said mortgage, and pursuant to the statute in
such case made and provided, the said mort
gage will be foreclosed by a sale of the prem
ises described in audi conveyed by said mort
gage viz Lot one (1) of block ten (10) of
Wahkon according to the plat thereof on file
and otrecord in the registry of deeds of said
county, in Mille Lacs county and state of
Minnesota with the hereditaments and ap
purtenances, which sale will be made by the
sheriff of said Mille Lacs county at the front
door of the court hoiase, in the village off
Princeton in said county and state, on the 8th
day of April, 1911, at 10 o'clock a of that
day, at public vendue, to the highest bidder for
cash, to pay said debt of twelve hundred sixty
nme and 50-100 dollars, and interest, and the
taxes, if any, on said premises, and sixty
dollars, attorney's fees, as stipulated in and
by said mortgage in case of foreclosure, and
the disbursements allowed by law subject to
redemption at any tune withm one year from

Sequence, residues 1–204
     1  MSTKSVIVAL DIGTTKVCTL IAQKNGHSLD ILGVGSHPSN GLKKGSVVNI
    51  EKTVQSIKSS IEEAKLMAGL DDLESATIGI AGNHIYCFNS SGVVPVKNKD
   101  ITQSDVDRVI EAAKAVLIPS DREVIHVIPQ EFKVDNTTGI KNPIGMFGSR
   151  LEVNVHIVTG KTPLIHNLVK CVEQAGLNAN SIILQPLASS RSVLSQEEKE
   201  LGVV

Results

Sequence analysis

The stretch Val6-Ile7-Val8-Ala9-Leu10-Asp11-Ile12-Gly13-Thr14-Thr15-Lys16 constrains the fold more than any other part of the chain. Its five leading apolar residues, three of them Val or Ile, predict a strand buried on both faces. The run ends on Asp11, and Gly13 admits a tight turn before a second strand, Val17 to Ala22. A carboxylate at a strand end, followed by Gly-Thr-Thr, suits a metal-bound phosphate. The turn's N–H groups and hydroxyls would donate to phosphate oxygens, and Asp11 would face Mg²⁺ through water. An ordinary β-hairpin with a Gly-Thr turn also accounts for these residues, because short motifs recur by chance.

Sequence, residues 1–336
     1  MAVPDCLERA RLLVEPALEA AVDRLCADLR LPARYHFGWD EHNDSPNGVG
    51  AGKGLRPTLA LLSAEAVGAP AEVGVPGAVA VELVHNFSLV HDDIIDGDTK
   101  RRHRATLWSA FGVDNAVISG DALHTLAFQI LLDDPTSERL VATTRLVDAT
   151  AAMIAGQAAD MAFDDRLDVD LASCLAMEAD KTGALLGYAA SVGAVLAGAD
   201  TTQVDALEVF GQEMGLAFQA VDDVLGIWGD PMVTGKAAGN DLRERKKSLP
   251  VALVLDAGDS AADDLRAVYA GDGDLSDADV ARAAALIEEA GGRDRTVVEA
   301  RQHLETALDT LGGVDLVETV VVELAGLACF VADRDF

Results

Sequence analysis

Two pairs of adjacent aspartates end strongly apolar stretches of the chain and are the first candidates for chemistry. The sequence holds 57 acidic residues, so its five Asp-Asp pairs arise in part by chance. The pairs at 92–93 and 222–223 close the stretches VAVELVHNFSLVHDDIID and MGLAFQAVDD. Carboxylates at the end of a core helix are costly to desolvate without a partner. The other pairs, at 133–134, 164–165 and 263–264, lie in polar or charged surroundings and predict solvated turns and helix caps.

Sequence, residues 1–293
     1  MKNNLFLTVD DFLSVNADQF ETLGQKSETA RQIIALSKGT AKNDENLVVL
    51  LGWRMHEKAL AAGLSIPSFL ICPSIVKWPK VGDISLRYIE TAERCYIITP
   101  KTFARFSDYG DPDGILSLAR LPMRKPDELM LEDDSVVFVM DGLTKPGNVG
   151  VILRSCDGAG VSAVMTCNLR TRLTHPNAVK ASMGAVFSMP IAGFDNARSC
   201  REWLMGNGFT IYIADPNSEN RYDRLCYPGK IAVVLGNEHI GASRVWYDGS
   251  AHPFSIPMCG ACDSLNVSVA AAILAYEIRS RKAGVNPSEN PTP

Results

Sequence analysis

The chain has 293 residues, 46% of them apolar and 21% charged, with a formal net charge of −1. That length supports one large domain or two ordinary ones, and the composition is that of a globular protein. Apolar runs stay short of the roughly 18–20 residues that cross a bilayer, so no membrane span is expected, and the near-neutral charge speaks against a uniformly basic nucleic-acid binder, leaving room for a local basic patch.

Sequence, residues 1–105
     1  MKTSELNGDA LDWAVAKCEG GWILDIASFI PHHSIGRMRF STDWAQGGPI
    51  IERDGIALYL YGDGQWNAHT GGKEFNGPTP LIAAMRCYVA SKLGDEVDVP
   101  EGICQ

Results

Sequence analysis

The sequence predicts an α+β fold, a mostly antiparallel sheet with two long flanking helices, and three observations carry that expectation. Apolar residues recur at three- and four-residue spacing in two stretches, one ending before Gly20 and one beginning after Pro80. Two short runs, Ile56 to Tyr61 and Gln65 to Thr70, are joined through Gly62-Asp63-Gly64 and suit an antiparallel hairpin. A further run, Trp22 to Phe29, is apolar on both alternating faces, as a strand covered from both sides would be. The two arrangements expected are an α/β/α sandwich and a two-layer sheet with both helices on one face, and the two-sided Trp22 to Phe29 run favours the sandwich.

the day of sale, as provided bv 1"w
Dated February 21st, A. 1911
FIR ST NATIONAL BANK OF MORA,
By Geo Newbert, Presietent
Mortgagee
CHARLES KEITH, Attorney
MARKET REPORT
The quotations hereunder are those
prevailing on Thursday mooting at the
time of going to press:
POTATOES
Triumphs [email protected]
Burbanks 40
Ohios 60
Rose 35
GRAIN, HAY, ETC.
Wheat, No. 1 Northern 88
Wheat, No. 2 Northern 85
Wheat, No. 3 Northern 82
Barley 60(a7
Oats [email protected]
Flax 2.32(2)2 50
Rye [email protected]
Wild hay 11.00
Tame hay 14.50
LIVE STOCK
Fat beeves, per fi 3c 4c
Calves, per ft 4c 5c
Hogs, per cwt $7.00 $7.50
Sheep, per ft [email protected]
Hens, old, per ft 8c
Springers, per ft 10c
MINNEAPOLIS.
Minneapolis, Wednesday evening.
Wheat, No. 1 hard, 99c No. 1 Nor
thern, 98c: No. 2 Northern. 97c.
White Oats, 28c No 3, 27c.
Rye, [email protected]
Flax, No. 1, $2.69
Corn, No. 3 Yellow, 42c.
Barley, [email protected]
i
1911.
i
5unday and Weekday
Announcements.
-e-e-4
SWEDISH LUTHERAN.
Fr ree
1106 HENNEPIN AVENUE
SKES
i
S
eSS 2?
1 ,Spices
dlI
LSS^?' I?
1st Prize Diamond Ring
2nd Prize Gold Watch
3rd Prize Mission Rocker
4th Prize Pair of Ice Skates
5th Prize Coaster
6th Prize Magic Lantern
THERE ARE TEN FACES IN THIS PICTURE
CAN YOU FIND SEVEN OF THEM?
DIRECTIONS Trace out the lines of each face heavily with a pencil on thu or a sepuatc piiC-.f
paper To the persons sendme the neatest correct solutions to thu puzzle we will give absolutely